When the Summer Olympics start in Brazil in early August, cyclists from Team Canada will be gunning for gold.
Their secret weapon as they take on the world is Chilliwack resident and University of the Fraser Valley professor Roger Friesen.
For nearly three decades, he has served as sport psychologist to Canada’s elite athletes.
Each of the Canadian cyclists he currently works with is a marvelous physical specimen. They fine-tune their bodies for hours each day to achieve maximum performance on the track.
Friesen helps their minds keep pace with their bodies, because mental hurdles can humble the greatest of athletes.
“I spend a lot of time with the athletes and the coaches, doing one-on-one and group sessions,” says Friesen, who signed on with Cycling Canada shortly after the London Summer Olympics in 2012. “I make sure everyone stays emotionally and mentally fit.”
A professor of kinesiology at UFV, Friesen breaks athletic performance into five dimensions — technical/tactical, physiological, team, psychological and emotional.
“Everyone understands that being a world-class performer means thousands of hours in the gym or doing dry-land training right?” Friesen asks. “No mystery there. But what most people forget is that our psychological and emotional states can be trained just as well.”
“The phrase ‘mental toughness’ gets thrown around a lot these days, and mental toughness doesn’t happen by chance.”
“People aren’t born to be mentally tough. They are trained.”
What that looks like for Friesen is lots of meetings.
One on ones.
In each meeting he watches and listens and probes for anything that will aid his athletes.
“It’s takes a lot of effort and energy developing the tools and skills to be mentally tough,” Friesen says. “It starts with fundamental things like visualization and goal-setting and understanding our inner dialogue — the basic tools we have access to.”
“And then, over time those tools have to be refined because how I use them is different from how you might use them.”
There’s tons of overlap between psychological and emotional, but Friesen sums it up like this.
“Psychological is anything that happens in our mind,” he says. “Our thought process and how we process information, how we communicate with our teammates or anybody else.”
“It’s literally what happens on a cognitive level.”
“On an emotional level it’s our reactions and responses — in essence, ‘Can I hold it all together under stress and pressure?’”
Friesen believes there is such a thing as a ‘clutch’ performer, someone who rises to the occasion when the spotlight shines its brightest.
“Some people thrive on stress and pressure while other people find it hard,” he suggests. “Some perceive it as threatening and some perceive it as something that energizes them.”
“Someone will make a mistake and it becomes a show stopper because they haven’t learned to manage their emotional reactions.”
“They get angry or frustrated or discouraged or scared. For others, it’s not a show stopper.”
The more time he can spend with an athlete, the more Friesen feels able to help them.
“The more I get to know them as a human being and discover what their triggers are, what their mental and emotional makeup is — it helps me refine a package to fit that individual person.”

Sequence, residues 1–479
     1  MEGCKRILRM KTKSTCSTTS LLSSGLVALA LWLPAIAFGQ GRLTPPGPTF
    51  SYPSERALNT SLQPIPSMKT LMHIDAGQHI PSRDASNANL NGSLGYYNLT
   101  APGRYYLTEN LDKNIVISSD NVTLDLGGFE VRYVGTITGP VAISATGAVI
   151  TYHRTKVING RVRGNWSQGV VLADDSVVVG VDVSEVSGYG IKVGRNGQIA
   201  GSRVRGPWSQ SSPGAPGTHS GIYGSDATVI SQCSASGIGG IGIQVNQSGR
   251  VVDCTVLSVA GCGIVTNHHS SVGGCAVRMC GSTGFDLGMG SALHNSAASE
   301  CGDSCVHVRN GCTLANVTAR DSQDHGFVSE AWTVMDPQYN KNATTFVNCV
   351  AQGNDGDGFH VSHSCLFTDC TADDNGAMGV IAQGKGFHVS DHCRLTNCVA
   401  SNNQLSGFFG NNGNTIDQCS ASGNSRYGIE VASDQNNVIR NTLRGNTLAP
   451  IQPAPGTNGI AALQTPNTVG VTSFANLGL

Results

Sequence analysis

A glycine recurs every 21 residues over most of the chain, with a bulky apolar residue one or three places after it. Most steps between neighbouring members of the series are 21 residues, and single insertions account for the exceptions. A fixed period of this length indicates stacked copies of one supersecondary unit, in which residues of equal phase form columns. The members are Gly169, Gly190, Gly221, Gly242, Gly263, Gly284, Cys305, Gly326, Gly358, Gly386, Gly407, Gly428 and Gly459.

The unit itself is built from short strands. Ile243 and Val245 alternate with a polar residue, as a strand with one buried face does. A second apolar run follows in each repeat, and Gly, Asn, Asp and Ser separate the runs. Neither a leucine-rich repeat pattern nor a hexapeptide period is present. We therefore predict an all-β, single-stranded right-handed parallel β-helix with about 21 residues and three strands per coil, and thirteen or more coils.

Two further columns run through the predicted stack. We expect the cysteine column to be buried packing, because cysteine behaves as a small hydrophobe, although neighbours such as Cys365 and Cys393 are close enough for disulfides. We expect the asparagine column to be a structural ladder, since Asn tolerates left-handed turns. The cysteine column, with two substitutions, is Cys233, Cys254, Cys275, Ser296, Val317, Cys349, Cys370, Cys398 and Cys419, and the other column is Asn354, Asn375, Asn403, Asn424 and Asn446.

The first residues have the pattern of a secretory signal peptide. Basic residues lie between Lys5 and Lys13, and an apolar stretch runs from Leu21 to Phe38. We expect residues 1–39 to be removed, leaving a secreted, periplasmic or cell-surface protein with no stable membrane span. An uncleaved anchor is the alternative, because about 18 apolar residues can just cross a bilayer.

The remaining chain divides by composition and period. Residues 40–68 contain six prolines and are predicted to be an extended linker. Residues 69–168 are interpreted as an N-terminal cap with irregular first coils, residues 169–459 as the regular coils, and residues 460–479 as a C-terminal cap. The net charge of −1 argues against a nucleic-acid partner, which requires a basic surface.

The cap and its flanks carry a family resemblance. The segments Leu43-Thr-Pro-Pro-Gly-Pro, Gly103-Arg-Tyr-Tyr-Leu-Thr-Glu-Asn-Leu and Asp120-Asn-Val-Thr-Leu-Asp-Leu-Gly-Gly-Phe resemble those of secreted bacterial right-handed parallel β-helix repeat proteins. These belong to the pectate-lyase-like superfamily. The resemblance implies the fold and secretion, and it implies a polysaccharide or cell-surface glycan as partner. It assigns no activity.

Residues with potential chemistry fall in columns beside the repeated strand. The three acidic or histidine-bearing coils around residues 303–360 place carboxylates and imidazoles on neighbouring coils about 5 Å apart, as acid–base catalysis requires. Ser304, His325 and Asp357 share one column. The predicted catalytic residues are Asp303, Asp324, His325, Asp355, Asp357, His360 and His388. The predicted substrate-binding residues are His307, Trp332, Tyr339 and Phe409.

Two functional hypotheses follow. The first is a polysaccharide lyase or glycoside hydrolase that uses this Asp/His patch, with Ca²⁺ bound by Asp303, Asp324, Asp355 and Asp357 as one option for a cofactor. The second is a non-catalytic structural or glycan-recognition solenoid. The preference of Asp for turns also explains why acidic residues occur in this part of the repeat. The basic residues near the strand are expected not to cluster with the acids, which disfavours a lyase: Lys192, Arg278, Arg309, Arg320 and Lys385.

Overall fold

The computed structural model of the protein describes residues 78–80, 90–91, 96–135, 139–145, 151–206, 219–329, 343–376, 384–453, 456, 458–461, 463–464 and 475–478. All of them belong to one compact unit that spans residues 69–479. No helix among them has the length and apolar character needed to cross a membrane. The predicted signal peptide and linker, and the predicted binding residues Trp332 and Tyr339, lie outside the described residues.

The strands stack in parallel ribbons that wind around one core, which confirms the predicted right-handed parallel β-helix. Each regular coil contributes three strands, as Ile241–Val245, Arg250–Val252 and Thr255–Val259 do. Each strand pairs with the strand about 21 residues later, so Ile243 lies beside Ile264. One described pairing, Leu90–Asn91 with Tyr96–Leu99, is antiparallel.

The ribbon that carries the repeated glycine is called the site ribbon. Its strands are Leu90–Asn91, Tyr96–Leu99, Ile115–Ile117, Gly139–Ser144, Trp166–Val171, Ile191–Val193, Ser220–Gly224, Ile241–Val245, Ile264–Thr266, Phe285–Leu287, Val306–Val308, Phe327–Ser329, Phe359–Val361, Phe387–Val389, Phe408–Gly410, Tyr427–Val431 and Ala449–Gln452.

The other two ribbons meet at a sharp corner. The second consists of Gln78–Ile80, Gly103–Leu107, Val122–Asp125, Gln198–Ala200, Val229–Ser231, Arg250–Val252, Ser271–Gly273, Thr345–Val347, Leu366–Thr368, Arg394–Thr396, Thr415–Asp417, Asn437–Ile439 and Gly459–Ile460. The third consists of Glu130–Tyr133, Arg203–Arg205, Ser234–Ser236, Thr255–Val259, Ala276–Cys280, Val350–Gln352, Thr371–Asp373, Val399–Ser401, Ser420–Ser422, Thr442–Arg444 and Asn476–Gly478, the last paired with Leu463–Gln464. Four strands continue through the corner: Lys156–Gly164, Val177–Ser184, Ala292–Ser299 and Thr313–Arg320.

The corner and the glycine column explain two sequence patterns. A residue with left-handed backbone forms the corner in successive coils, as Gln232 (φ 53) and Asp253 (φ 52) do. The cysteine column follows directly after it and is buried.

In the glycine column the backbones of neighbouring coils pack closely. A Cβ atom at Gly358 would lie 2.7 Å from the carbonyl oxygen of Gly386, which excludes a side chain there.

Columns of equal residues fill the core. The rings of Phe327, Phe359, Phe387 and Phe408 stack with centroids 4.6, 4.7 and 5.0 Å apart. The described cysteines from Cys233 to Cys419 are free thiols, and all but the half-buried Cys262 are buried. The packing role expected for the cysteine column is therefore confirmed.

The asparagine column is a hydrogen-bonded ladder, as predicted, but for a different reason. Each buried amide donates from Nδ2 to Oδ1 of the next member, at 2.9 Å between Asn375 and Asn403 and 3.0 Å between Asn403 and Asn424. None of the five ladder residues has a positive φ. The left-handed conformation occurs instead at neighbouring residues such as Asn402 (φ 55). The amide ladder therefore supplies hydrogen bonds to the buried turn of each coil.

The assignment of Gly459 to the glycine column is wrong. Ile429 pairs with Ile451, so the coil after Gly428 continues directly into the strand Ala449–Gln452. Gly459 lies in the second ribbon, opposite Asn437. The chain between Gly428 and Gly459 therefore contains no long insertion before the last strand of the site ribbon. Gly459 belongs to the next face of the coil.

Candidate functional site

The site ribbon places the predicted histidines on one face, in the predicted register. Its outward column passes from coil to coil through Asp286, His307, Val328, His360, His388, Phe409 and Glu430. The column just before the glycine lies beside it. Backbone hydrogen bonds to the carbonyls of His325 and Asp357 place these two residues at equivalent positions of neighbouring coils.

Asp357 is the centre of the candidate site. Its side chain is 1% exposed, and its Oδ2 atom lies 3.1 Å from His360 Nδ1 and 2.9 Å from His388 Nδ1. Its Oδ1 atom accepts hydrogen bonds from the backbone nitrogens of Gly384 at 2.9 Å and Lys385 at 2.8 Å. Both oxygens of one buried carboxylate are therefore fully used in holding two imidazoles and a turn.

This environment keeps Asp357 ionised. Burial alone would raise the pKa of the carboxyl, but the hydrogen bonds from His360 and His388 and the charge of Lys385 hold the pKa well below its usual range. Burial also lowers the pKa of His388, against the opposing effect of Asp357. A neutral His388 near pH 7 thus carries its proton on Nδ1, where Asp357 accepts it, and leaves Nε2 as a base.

When he first started 27 years ago, it was hard getting athletes and coaches to buy into mental training.
There was a stigma and a perception of weakness if an athlete couldn’t power through things on his or her own.
“There was a lot of sales pitches and education in the old days getting people to understand that it was just another dimension of training,” Friesen recalls. “It was a long process for people to recognize that struggling mentally and emotionally didn’t make them a flawed person.”
Friesen still encounters athletes, from time to time, who are resistant to what he does.
But it’s not because of any stigma.
That has faded away.
“It’s because they think they’re capable of functioning on their own as long as they’re strong, healthy and technically dialed in,” he says. “They think that’s all they need to have success, but the majority of Olympic-level athletes now acknowledge they need to be mentally fit to succeed consistently.”
Friesen is very good at what he does and his work has helped Cycling Canada achieve stellar results in recent years.
“They’re very open and willing to embrace sports psychology,” he says. “Cycling Canada had historic, unprecedented results at last summer’s Pan Am games.”
“I don’t know if I can say that was because of sports psychology because I’m just one piece of a bigger puzzle. But I know we’re making a difference.”
The Brazil Olympics will be Friesen’s fourth and he spent a couple weeks on a sailing vacation with his wife before leaving for Cycling Canada’s Toronto training camp.
The Olympics are exciting, exhausting and intense.
The demands and expectations are high for everyone involved, Friesen included.
“It’s fun and exciting but also dead serious,” he says.
Each of his previous three Olympic experiences were radically different.
He’s worked with enough sports that he’s started losing track. The list includes but isn’t limited to men’s field hockey, women’s volleyball, women’s basketball and whitewater kayaking.
He expects these games to be special.
“It’ll be different again because it’s a different sport with different people and dynamics,” Friesen says. “Our whole team has been together a while now everyone and everything fits together nicely.”
“What’s why I’m very excited about these games, because of that fit.”
The 2016 Summer Olympics start Aug. 5 and finish Aug. 21.